Lloyds profits plunge after £4.2bn put aside for Covid defaults

Profits at Lloyds Banking Group have plunged 72% after the bank was forced to put aside more than £4bn to protect itself from a potential jump in defaults linked to the Covid crisis.

Lloyds, which also runs the Halifax and Bank of Scotland brands, reported pre-tax profits of £1.2bn for 2020, down from £4.4bn a year earlier. However, that is higher than the £905m analysts had forecast.

The drop was down to a surge in provisions for losses linked to loans that will not be repaid. The bank set aside £4.2bn to cover the potential defaults, compared with £1.3bn in 2019.

Lloyds has become the latest UK lender to resume dividend payments despite the drop in profits, with plans to pay shareholders a combined £404m at 0.57p per share. The Bank of England lifted a ban on paying dividends in December, that was imposed last year and designed to give banks a larger cash cushion to weather the Covid crisis.

The lender also revealed that the outgoing chief executive, António Horta-Osório, was paid £3.4m in 2020 despite waiving a bonus worth as much as £1.8m in light of the pandemic. The banking boss – who is the longest-serving chief executive of a British bank – earned £4.7m in 2019.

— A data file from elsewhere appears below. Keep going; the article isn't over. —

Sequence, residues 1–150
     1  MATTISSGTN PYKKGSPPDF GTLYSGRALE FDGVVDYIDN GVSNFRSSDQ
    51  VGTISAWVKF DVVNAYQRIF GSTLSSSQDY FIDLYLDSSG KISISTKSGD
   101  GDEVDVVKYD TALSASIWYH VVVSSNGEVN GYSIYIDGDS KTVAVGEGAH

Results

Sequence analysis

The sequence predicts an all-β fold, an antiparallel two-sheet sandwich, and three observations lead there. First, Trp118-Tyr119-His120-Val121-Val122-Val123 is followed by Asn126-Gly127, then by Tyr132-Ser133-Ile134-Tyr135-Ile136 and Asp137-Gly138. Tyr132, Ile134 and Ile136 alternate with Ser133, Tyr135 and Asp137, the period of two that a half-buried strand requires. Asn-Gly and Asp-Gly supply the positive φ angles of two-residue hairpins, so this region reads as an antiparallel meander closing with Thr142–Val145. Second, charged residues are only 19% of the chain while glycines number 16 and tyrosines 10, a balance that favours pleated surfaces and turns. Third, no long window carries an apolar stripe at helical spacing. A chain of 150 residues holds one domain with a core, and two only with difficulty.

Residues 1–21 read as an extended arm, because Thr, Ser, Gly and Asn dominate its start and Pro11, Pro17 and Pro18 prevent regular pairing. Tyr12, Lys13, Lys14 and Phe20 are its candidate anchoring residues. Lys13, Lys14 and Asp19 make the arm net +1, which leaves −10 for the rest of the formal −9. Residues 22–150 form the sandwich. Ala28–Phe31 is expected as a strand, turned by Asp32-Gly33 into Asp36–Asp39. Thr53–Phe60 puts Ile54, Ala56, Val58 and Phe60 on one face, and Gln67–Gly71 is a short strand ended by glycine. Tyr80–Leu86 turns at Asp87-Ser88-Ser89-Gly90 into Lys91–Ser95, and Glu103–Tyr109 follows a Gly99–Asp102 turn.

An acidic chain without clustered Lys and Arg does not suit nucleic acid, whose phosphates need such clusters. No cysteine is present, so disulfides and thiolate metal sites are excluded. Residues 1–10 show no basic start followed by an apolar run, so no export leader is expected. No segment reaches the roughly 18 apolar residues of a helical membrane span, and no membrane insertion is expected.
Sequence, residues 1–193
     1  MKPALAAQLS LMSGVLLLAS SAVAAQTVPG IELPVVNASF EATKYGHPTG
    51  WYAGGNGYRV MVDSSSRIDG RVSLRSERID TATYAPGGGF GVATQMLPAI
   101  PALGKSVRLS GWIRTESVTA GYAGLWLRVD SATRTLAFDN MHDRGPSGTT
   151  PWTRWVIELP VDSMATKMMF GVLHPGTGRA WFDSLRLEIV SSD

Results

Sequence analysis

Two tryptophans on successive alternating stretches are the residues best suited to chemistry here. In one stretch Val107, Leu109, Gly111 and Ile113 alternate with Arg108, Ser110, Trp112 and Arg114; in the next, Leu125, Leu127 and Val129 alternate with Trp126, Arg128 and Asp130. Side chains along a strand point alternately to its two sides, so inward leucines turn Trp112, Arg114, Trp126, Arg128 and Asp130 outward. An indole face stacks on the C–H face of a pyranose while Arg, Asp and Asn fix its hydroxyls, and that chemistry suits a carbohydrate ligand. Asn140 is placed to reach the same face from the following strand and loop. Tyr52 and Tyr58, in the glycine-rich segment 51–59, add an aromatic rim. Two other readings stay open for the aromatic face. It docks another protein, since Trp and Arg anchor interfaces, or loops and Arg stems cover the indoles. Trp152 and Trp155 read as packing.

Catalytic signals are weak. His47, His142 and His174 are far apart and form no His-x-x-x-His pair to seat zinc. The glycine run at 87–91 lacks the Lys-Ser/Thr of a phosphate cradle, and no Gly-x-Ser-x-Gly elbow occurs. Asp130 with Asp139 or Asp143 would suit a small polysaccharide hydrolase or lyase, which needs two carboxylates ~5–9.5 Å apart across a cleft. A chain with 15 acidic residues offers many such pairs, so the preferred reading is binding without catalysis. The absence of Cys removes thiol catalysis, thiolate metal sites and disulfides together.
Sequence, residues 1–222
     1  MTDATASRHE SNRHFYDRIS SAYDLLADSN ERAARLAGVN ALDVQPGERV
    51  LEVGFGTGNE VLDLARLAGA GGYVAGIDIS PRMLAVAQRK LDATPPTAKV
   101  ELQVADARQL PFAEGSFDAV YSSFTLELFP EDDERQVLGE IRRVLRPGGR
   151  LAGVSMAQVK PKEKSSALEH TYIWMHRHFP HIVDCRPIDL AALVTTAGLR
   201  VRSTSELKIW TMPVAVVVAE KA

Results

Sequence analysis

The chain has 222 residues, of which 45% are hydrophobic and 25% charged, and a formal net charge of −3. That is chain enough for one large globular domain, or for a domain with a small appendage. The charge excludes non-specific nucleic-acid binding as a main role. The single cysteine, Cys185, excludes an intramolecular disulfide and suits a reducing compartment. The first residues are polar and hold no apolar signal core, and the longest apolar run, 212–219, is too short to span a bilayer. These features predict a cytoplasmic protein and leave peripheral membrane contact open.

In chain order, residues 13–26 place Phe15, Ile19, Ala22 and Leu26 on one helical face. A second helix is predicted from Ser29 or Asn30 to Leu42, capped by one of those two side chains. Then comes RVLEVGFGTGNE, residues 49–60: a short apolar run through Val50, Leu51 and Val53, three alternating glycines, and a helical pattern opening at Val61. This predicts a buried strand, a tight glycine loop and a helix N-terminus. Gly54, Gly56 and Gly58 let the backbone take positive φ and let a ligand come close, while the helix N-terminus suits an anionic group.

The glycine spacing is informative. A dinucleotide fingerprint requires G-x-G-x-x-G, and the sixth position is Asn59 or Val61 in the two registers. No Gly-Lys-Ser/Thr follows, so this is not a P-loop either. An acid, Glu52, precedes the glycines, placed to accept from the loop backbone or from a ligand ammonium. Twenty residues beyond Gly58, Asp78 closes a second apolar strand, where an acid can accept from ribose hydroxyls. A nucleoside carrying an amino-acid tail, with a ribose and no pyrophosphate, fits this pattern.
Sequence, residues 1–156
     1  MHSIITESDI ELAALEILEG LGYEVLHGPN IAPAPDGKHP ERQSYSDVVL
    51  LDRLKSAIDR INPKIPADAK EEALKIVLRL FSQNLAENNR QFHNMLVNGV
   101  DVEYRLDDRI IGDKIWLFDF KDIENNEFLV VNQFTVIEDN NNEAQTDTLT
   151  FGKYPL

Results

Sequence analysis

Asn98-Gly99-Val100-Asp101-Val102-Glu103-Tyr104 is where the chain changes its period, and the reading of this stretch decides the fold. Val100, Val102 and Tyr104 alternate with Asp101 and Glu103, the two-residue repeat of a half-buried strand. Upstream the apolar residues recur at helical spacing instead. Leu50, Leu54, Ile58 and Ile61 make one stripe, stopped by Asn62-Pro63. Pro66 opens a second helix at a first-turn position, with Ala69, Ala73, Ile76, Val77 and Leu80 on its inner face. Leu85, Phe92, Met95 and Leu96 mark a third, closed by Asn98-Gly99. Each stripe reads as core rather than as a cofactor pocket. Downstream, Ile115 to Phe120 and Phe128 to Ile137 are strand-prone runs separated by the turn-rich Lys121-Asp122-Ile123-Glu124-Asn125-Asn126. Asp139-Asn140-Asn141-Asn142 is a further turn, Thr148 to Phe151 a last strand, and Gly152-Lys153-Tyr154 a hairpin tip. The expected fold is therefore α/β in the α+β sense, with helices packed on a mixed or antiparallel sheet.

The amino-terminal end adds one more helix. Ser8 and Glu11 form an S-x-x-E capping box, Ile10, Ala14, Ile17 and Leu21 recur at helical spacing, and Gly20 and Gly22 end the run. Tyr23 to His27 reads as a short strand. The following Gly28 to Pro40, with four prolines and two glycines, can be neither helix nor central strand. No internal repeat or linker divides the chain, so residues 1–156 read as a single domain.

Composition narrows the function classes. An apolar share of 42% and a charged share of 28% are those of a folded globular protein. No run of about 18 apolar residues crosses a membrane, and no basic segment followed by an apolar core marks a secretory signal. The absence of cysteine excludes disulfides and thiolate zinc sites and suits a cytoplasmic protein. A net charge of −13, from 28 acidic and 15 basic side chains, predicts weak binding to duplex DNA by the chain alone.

The banking group also cancelled staff bonuses for 2020 after the pandemic put pressure on its finances. Bankers previously shared a pot worth £310m in 2019.

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Lloyds confirmed that Horta-Osório will formally step down on 30 April, days after the bank reports its first-quarter earnings. He was expected to leave by June this year, having recently been chosen as the next chairman of Credit Suisse.

He will be replaced by the HSBC banker Charlie Nunn.

Looking ahead, Horta-Osório warned that “significant uncertainties remain, specifically relating to the coronavirus pandemic and the speed and efficacy of the vaccination programme in the UK and around the world”.


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